8.2/10
172
5 user 1 critic

There Will Be Brawl 

In a Dystopian Mushroom Kingdom, corruption and avarice reign supreme. Even the greatest heroes of the land have buckled beneath the overwhelming will of the amoral elite. When a series of ... See full summary »

Creator:

Zach Grafton
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1  
2010   2009  

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Cast

Series cast summary:
Matt Key Matt Key ...  Luigi 10 episodes, 2009-2010
Matthew Mercer ...  Ganondorf / ... 9 episodes, 2009-2010
Paul Duraso Paul Duraso ...  Mario 8 episodes, 2009-2010
Tony Rago ...  Police Chief Link 8 episodes, 2009-2010
Kyle Hebert ...  Wario 7 episodes, 2009-2010
Jordon Krain Jordon Krain ...  Lakitu 7 episodes, 2009-2010
Gavin Niebel Gavin Niebel ...  Marth / ... 7 episodes, 2009-2010
Damian Beurer Damian Beurer ...  Captain Falcon / ... 6 episodes, 2009-2010
Rebecca Denise Rebecca Denise ...  Samus Aran 6 episodes, 2009-2010
JoEllen Elam JoEllen Elam ...  Zelda 6 episodes, 2009-2010
Kyle Blythe Kyle Blythe ...  Pokemon Trainer / ... 6 episodes, 2009
Reilly Campbell Reilly Campbell ...  Lil' Mac 5 episodes, 2009-2010
Justin Harris Justin Harris ...  Pit 5 episodes, 2009-2010
Jennifer Newman Jennifer Newman ...  Sheik / ... 5 episodes, 2009-2010
Kat Steel Kat Steel ...  Princess Peach / ... 5 episodes, 2009-2010
Diana Tolin Diana Tolin ...  Nana / ... 5 episodes, 2009-2010
Timothy D. Williams Timothy D. Williams ...  Popo 5 episodes, 2009-2010
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Storyline

In a Dystopian Mushroom Kingdom, corruption and avarice reign supreme. Even the greatest heroes of the land have buckled beneath the overwhelming will of the amoral elite. When a series of grisly crimes pushes an unlikely champion to seek the truth, a mystery unfolds that could completely destroy everything he holds dear. Written by Matthew Mercer

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Official Sites:

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Country:

USA

Language:

English

Release Date:

9 January 2009 (USA) See more »

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Color:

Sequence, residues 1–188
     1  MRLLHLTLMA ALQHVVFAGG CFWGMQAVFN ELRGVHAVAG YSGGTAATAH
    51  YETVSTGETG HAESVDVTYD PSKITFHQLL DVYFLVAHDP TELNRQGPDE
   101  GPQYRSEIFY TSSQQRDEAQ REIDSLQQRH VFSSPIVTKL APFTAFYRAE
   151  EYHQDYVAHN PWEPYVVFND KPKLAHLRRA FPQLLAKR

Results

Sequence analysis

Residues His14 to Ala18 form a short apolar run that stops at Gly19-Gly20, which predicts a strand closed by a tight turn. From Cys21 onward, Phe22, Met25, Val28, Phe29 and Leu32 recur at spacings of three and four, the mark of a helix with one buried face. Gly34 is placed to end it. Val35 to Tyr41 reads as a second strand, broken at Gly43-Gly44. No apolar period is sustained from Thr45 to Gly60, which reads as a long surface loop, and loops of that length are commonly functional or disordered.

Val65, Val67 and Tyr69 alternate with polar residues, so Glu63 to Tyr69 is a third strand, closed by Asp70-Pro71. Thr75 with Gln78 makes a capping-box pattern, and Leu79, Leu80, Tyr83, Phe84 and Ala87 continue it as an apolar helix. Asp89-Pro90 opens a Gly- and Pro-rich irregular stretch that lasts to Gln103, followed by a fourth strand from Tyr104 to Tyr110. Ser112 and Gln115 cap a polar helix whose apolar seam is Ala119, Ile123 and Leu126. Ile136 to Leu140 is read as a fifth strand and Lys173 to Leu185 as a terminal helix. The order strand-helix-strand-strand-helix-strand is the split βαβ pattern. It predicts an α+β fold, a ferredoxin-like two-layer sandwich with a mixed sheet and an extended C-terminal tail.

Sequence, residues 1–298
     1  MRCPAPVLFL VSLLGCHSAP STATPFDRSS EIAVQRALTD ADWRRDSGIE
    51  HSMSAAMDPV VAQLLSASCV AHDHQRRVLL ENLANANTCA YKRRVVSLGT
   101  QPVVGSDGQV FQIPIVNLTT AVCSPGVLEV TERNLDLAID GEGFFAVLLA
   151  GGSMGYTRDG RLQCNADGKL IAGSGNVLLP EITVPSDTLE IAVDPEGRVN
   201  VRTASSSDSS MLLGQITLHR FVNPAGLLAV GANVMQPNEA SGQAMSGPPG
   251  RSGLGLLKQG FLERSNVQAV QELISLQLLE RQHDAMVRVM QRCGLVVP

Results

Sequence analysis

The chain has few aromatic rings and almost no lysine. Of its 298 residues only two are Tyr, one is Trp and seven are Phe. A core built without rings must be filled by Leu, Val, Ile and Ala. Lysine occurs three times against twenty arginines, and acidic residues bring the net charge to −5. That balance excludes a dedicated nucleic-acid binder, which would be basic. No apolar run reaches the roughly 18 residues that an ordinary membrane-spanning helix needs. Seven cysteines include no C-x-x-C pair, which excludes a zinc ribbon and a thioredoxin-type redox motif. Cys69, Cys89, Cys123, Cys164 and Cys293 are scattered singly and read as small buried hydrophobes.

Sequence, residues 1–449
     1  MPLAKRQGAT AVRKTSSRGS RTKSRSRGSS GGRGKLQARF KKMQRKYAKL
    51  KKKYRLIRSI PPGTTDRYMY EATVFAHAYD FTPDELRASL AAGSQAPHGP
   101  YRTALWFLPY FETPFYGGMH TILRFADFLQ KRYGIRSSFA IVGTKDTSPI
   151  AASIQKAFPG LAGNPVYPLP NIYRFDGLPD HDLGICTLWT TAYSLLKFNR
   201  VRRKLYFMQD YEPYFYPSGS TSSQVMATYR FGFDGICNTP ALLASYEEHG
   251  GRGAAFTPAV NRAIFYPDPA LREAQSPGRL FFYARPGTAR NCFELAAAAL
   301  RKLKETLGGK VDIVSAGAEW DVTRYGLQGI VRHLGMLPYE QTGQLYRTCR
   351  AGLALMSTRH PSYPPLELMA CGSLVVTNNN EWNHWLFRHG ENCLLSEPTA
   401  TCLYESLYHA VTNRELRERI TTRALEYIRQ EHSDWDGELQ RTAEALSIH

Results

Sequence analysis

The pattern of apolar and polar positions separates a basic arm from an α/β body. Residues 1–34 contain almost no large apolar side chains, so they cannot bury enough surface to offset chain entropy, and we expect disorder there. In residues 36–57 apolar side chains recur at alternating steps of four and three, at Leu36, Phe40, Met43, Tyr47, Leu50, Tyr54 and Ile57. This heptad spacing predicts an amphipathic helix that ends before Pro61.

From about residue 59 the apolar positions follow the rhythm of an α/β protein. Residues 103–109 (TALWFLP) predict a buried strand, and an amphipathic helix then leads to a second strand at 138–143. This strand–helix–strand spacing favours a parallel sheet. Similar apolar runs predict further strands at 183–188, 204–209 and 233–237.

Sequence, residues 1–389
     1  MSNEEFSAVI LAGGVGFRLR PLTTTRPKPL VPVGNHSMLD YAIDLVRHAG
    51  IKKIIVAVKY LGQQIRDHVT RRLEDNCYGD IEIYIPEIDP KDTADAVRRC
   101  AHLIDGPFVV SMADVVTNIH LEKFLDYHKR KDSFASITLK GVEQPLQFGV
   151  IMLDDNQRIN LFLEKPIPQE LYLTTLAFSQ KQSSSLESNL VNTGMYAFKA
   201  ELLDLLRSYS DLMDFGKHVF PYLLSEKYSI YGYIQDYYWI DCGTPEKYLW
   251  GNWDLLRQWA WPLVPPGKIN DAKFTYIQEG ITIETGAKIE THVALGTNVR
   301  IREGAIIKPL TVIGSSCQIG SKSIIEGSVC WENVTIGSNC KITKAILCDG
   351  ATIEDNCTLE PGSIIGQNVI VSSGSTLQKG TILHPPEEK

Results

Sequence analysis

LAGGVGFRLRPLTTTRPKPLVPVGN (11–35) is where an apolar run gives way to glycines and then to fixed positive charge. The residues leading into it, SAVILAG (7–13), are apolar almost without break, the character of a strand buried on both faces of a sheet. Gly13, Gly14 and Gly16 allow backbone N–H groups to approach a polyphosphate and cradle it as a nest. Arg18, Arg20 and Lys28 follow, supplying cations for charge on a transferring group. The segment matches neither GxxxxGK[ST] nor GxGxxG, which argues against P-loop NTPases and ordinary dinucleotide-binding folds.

Color
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User Reviews

 
The Epitome of the Concept
17 February 2010 | by joegirardSee all my reviews

What's amazing about this labour of love is that once one has witnessed the epic scope of its production and its running time one cannot imagine the concept executed any other way. Sure, it tantalizes to dream of a silver screen adaptation, but it would be like trying to film The Divine Comedy. In other words, the ratio of insiders to outsiders, people who would get the references to people that would be left cold, is too crazily imbalanced for international acceptance or appeal.

That said, every level of this production is in a groove all its own.

The performances, ranging from the shiver-inducingly awesome to the knee-slappingly horrendous, are all exactly where they need to be. One even wonders if some of the stinker performances aren't on purpose, a tongue-in-cheek send-up of the gritty reboot genre.

The technical aspects often far exceed expectations, even if they are somewhat lacking to the modern movie-going eye. But remember: all gamers have dreamed of the day that a halfway decent, dramatic, heart-wrenching Mario story would be told. So it's fitting that such a feat was pulled off by fans of the source material, depending on what scant resources are available to such a project. In this era of CGI and throw-away eye-poppery, every second of the way you'll be asking, "How did they do that?" A rare sensation indeed.

As I said before, the story is a parody of the gritty reboot, with Luigi (fittingly, the star of the show) stumbling through the dark intrigue that cloaks the film, and its Super Smash Bros. cast, playing the wasted gumshoe clawing back against the shadowy tide that has allowed the once great kingdom to fall into the grip of the four dons (Dedede, Ganondorf, Mewtwo, and Bowser).

If you're a fan of the Nintendo-verse, or a Smash Bros. gamer, you really owe it to yourself to immerse in Zach Grafton's triumphant, totemic accomplishment. At three hours, you'll find yourself not drawn to your console of choice, but to the next episode, as one brilliant cliff-hanger after another entices you inexorably on.


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